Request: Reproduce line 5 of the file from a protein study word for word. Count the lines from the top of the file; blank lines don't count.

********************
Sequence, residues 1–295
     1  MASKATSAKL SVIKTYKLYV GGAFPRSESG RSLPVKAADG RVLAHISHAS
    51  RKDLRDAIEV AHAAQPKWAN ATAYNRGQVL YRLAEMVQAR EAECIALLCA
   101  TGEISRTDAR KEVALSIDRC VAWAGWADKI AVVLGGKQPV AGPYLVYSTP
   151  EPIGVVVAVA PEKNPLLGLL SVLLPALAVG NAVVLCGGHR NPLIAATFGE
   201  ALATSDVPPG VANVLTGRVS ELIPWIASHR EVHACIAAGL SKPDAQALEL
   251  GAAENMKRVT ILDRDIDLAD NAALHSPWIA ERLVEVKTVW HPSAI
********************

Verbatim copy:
   151  EPIGVVVAVA PEKNPLLGLL SVLLPALAVG NAVVLCGGHR NPLIAATFGE